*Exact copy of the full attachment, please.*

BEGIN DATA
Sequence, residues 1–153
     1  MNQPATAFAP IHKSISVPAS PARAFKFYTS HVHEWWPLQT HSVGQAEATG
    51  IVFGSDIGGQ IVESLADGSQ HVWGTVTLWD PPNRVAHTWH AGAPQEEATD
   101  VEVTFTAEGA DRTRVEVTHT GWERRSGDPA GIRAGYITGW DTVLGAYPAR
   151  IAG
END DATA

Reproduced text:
Sequence, residues 1–153
     1  MNQPATAFAP IHKSISVPAS PARAFKFYTS HVHEWWPLQT HSVGQAEATG
    51  IVFGSDIGGQ IVESLADGSQ HVWGTVTLWD PPNRVAHTWH AGAPQEEATD
   101  VEVTFTAEGA DRTRVEVTHT GWERRSGDPA GIRAGYITGW DTVLGAYPAR
   151  IAG